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Hobbyist's Hazer Revisited

This page was contributed by Mark Schweter schweter@mail.bright.net
Updated 13-May -1999 

DISCLAIMER:
This is a REPORT of the further work done on this project. For information purposes ONLY!
This was done for our OWN edification and should NOT be construed to be a plan, kit, or endorsement of this device or the methods contained within. NO claim is made for applicability, or SAFETY.!!!!! Use at YOUR own RISK !!!!

WARNINGS:
Do NOT attempt this project without knowledge of safe wiring practices!
BURN HAZARD!!!! High temperatures are involved!
This design has been developed and tested with White Mineral Oil ONLY!!!

 

Introduction:

    The changes presented reflect the revised design as of May, 1999. The hazer was demonstrated, and  warmly received, at Laser F/X'98: The Lightshow Conference 16-18 May,1998.  (I figured it was about time to write  up the report!)
    This design was developed by experimental methods and should NOT be construed to be a final design, or, the BEST. It DOES work in my basement AND it started hazing the upstairs too! (And had an admiral showing at the Laser F/X'98 open house).

Hazer Picture - Old Design
Old Design

Hobby Hazer - New Design
New Design

    The haze stays suspended, at a usable level, for approximately an hour, or so, after the unit is shut down. The heater element is switched separately so the fan can continue to run, cooling the unit after use.  Since sufficient heat is generated, with the heater enclosed and insulated, a successful test was done returning to the original "blowing fan" design below.

Drawing 1
Drawing 1

    The 12in. extension to the hazer's output helps "collimate" and direct the flow and increases the dispersion speed throughout the room.

Drawing 2
Drawing 2

Fan Mount
Fan Mount

    In the original arrangement of the hazer, maximum temperature/haze output was achieved after one hour of heating. This slow start-up is a side-effect of using the heater at 30V instead of it's designed 110V.  Addressing the hazer's slow warm-up, a DPDT relay was added to dump full line current into the heater element to reach operating temperature faster ("Quick-Start"). A self-contained timer-relay was used, instead of a separate relay/control circuit, for ease of assembly.  A "full power" boost of only 30-40 seconds is sufficient to begin haze generation.

Drawing 3
Drawing 3

    The heater element is a monolithic aluminium cast unit, [see photo below] as used in "Party-Perk" type coffee makers.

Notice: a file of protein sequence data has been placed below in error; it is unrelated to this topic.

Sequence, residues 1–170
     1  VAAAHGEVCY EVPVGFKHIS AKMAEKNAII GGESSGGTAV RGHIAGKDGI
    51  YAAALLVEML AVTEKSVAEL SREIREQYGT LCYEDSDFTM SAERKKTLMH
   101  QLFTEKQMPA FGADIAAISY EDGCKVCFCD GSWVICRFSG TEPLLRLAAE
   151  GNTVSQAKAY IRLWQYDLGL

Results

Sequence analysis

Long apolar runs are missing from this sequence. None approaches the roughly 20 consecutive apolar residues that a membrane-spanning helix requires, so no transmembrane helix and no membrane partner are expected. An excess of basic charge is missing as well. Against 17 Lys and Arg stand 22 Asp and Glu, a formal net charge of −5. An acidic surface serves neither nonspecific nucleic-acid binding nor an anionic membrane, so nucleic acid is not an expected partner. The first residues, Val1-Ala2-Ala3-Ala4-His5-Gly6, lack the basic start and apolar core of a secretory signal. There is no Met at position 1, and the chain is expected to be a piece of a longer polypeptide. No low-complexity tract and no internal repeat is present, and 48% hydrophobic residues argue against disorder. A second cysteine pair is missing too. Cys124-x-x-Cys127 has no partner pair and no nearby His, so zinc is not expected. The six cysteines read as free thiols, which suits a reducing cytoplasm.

"Party-Perk" heater element
"Party-Perk" heater element

    The heater is filled to the mould mark on the inside, which is at the same height as the element winding, in the bulge, around the outside.

Interior of the "Party-Perk" heater element showing fill line
Interior of the "Party-Perk" heater element showing fill line

    In the current test-bed, the heater is enclosed and packed in fiber insulation, achieving approximately 525 F as opposed to 400 F when un-enclosed. The heater draw at 30V is approximately 1.5A.
    A second unit has been built for a  local laserist. We both attempted to use "laxitive" weight mineral oil without success. This "heavy" weight oil did form haze, with difficulty, but at a higher temperature and a VERY narrow operating range.
    The "Quick Start" boost time was extended to raise the temperature and start hazing. After a period of running, the haze diminished as the heater leveled to temperature, running off the transformer that worked with the lightweight oil.  Re-starting the boost cycle only managed to "boil" off the oil, at a high rate, developing unacceptable odor.

 

Design Concerns:

  • A) Possible melting of the heater.
  • B) Possible ignition of the Mineral Oil.

A) The "Party-Perk" heater element is 110VAC. In it's intended use, however, it is designed to sink to ~3 Gallons of water. I *have* turned one of these on on, removed from a pot, and it DID MELT!!!!!!. This previous experience led to the use of the "ballast" transformer in the heater circuit. The 30V transformer will allow the heater to reach only 400-550 F, depending on the enclosure/insulation design.

B) The "flash point" of mineral Oil is 444 F, open cup test, per Sax's Dangerous Properties of Industrial Materials. This is the second criteria for limiting the heater's maximum temperature.  A flashpoint is the temperature at which a substance will ignite IN THE PRESENCE OF AN IGNITION SOURCE. In the design, as currently operating, the mineral oil, IN THE HEATER, is at ~525 F to generate the airborne vapor, which condenses to form the haze.

    The air blown through the generating chamber cools the smoke/air combination, immediately above the heater, to ~80 F, well below the flash-point of mineral oil (by thermocouple measurement in a 68 F room).
 

Known Problems:

  • A) Current design does not have fuses, etc.
  • B) Using unknown Molecular Weight mineral oil , after approximately half the volume of mineral oil evaporates, the polymerised higher weight fluid begins to give off an offensive acrid odour - Keeping the fluid topped of with fresh oil seemed to cure this.
     

Credits:

Original Work:
Concept and surplus heater location: O.Steven Roberts
Fabrication/Testing: Mark Schweter
Redesign/Fabrication/Testing: Mark Schweter
Additional Testing: Rob Mudryk

 

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